2. 2.
    Conlon MA, Bird AR. The impact of diet and lifestyle on gut microbiota and human health. Nutrients. MDPI AG; 2015;7: 17–44. pmid:25545101
  3. 3.
    de Vries MC, Vaughan EE, Kleerebezem M, de Vos WM. Lactobacillus plantarum-survival, functional and potential probiotic properties in the human intestinal tract. Int Dairy J. 2006;16: 1018–1028.
  4. 4.
    Saulnier DMA, Gibson GR, Kolida S. In vitro effects of selected synbiotics on the human faecal microbiota composition. FEMS Microbiol Ecol. 2008;66: 516–527. pmid:18673391
  5. 5.
    Markowiak P, Śliżewska K. Effects of probiotics, prebiotics, and synbiotics on human health. Nutrients. 2017;9: 1021. pmid:28914794
  6. 6.
    Le B, Yang SH. Efficacy of Lactobacillus plantarum in prevention of inflammatory bowel disease. Toxicol Reports. 2018;5: 314–317. pmid:29854599
  7. 7.
    Goossen DS, Jonker DS, Russel M, Stobberingh E, Aard A. The effect of Lactobacillus plantarum 299v on the bacterial composition and metabolic activity in faeces of healthy volunteers: a placebo-controlled study on the onset and duration of effects. Aliment Pharmacol Ther. 2003;18: 495–505. pmid:12950422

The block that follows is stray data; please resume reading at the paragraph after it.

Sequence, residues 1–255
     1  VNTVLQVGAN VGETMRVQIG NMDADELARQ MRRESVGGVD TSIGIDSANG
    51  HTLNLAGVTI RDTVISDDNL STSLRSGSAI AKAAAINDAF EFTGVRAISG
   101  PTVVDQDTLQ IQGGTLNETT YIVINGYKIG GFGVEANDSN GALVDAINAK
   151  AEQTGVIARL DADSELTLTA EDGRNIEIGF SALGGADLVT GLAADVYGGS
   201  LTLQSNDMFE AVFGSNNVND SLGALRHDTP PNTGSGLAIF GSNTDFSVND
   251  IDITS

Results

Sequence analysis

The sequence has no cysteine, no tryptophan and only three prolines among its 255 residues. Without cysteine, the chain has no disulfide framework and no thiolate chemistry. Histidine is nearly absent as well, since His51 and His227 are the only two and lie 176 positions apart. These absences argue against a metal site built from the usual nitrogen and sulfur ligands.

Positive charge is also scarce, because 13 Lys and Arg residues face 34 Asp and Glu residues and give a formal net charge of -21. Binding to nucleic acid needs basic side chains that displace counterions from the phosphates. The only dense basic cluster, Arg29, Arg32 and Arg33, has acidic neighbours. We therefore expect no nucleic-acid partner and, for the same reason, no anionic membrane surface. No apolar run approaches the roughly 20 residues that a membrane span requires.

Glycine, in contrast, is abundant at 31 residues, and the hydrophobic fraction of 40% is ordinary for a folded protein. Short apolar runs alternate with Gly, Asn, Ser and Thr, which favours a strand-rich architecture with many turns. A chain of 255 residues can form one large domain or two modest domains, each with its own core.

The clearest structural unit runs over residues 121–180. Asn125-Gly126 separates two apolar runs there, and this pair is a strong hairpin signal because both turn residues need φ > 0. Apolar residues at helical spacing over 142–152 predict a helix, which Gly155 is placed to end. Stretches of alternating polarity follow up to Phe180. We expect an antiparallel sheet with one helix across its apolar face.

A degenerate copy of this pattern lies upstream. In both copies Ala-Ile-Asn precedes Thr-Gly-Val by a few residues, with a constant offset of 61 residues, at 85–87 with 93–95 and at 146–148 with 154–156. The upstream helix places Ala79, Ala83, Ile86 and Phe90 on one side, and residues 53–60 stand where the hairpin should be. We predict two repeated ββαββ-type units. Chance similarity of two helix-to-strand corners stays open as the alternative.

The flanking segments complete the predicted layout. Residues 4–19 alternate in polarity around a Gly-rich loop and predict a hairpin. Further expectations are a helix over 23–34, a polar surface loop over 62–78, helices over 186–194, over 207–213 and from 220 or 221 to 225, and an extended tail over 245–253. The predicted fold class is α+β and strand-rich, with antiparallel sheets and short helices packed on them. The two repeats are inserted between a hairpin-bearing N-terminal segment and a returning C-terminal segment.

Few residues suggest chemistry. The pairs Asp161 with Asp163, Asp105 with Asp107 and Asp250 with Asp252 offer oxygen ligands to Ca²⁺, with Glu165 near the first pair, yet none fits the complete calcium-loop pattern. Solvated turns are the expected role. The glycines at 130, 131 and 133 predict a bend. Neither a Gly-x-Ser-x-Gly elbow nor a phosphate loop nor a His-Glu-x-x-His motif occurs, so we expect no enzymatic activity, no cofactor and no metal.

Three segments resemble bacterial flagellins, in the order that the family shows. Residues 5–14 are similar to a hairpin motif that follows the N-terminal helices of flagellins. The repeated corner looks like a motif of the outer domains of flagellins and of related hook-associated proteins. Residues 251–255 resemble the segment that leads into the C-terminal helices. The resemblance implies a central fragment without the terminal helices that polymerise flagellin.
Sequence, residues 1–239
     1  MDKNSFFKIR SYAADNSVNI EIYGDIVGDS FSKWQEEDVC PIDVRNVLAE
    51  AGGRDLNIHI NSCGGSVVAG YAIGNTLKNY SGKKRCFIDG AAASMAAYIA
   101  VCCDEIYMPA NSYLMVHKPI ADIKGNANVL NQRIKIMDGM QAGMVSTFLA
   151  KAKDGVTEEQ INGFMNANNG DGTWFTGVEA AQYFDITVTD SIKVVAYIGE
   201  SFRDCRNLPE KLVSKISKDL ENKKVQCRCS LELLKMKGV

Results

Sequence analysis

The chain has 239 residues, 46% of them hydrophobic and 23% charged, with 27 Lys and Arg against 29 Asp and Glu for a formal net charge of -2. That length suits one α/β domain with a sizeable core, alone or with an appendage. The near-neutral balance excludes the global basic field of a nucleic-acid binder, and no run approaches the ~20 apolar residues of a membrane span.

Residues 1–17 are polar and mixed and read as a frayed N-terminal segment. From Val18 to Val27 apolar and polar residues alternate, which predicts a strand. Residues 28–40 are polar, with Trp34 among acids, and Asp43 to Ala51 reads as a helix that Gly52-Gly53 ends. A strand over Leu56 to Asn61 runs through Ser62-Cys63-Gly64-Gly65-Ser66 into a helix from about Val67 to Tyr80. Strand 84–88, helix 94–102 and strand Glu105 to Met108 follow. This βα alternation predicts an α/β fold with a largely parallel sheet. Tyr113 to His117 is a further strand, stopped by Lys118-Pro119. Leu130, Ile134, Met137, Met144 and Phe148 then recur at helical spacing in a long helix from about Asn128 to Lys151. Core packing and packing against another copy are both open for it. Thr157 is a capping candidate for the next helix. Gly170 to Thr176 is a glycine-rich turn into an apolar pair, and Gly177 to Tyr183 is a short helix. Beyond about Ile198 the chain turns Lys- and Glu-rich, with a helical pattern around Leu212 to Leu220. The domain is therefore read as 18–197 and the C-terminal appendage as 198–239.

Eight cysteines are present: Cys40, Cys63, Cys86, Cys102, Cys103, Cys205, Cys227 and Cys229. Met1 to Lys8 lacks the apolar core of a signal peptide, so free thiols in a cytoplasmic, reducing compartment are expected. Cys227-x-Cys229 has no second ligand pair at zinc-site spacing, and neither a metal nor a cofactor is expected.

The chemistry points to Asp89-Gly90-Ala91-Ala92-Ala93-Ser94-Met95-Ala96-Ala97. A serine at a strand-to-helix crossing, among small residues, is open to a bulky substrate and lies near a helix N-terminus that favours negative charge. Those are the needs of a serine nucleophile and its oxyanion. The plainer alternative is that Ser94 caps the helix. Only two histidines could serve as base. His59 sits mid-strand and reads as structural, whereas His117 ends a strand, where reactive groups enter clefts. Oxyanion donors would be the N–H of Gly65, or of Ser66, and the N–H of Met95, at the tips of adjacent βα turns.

8. 8.
    Jiang Y, Li L, Sun H, Shan Y, Liu Y, Li L, et al. Induction of cytokines via NF-κB and p38 MAP kinase signalling pathways associated with the immunomodulation by Lactobacillus plantarum NDC 75017 in vitro and in vivo. J Funct Foods. 2016;20: 215–225.
  9. 9.
    Wang B, Li J, Chen J, Huang Q, Li N, Li J. Effect of live Lactobacillus plantarum L2 on TNF-α-induced MCP-1 production in Caco-2 cells. Int J Food Microbiol. Elsevier B.V.; 2010;142: 237–241. pmid:20576301
  10. 10.
    van Zanten GC, Knudsen A, Röytiö H, Forssten S, Lawther M, Blennow A, et al. The effect of selected synbiotics on microbial composition and short-chain fatty acid production in a model system of the human colon. PLoS One. 2012;7. pmid:23082149
  11. 11.